UC Davis USDA Economic Research Service RIDGE Program

Investigator: Janet Wojcicki, MD, MPH
Sponsor: University of California Davis

Location(s): United States


Uniform nutrition labels were introduced as part of the Nutrition Labeling and Education Act (NLEA) in 1994. Use of food labels has been associated with increased knowledge about the nutrition and fat content of food and a reduction in fat intake. Similarly, knowledge of the dietary guidelines is associated with increased likelihood of meeting dietary guidelines for fruit, dairy, and protein. However, little is known about the frequency of nutrition label reading or awareness of dietary guidelines or other nutritional programs by at-risk populations, such as participants in the Special Supplemental Nutrition Program for Women, Infants, and Children (WIC) or adolescents who are beginning to make food purchases for themselves.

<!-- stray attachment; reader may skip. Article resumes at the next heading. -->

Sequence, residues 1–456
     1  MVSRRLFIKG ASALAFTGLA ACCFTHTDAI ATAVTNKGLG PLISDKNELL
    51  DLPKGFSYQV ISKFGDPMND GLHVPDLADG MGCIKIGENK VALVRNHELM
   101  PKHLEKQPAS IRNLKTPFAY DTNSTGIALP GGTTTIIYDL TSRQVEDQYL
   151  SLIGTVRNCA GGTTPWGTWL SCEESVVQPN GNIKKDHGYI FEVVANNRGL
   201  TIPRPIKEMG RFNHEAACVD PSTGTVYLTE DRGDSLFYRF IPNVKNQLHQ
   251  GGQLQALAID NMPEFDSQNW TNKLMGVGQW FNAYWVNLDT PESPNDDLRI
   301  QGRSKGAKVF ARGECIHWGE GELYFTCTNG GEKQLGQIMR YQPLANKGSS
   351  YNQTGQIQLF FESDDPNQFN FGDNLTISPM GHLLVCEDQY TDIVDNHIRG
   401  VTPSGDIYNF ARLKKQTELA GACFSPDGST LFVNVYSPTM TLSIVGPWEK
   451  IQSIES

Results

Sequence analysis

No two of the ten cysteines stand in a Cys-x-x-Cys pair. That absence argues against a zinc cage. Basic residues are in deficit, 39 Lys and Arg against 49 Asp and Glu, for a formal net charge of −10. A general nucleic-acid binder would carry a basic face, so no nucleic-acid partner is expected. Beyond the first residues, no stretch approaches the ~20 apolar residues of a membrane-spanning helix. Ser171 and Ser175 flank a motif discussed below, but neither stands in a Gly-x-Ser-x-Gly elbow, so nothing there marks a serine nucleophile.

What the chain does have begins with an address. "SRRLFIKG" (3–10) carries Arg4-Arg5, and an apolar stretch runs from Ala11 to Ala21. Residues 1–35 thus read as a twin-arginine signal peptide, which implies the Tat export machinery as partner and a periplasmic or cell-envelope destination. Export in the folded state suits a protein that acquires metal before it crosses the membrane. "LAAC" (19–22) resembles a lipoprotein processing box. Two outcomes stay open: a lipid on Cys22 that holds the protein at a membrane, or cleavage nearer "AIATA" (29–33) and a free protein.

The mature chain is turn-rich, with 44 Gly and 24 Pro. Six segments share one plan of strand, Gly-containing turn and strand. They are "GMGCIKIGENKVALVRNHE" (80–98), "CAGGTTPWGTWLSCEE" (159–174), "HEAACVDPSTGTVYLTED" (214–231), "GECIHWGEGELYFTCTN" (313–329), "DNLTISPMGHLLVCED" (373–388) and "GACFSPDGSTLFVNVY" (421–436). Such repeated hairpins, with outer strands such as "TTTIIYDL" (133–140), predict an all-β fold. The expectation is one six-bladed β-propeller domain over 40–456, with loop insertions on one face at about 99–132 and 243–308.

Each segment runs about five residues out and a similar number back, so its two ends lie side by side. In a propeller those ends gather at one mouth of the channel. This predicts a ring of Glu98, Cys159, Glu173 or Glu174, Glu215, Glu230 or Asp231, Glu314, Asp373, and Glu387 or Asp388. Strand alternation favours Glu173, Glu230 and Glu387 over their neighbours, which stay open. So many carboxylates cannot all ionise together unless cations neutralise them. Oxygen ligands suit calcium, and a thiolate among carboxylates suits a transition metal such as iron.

The 2005-06 National Health and Nutrition Examination Survey (NHANES) added new questions to evaluate awareness of dietary guidelines and other nutrition programs, as well as questions on the use of nutrition facts panels and ingredient lists. This study used NHANES data to investigate the relationship between responses (n=643 for 2005-06) to the nutritional and diet questions from (1) mothers of children ages 0-5, comparing WIC participants with WIC-eligible nonparticipants, and (2) adolescents ages 16-19 (n=1,160). Specifically, the study assessed nutritional awareness of programs such as “Dietary Guidelines for America,” “Food Guide Pyramid,” and “5-A-Day for Better Health Program.” The study further analyzed nutritional behavior based on the frequency of participants’ use of the nutrition facts panel, list of ingredients, size of a serving, and information on total calories, product calories from fat, total fat content, trans fat content, saturated fat, cholesterol, and sodium in making a product selection.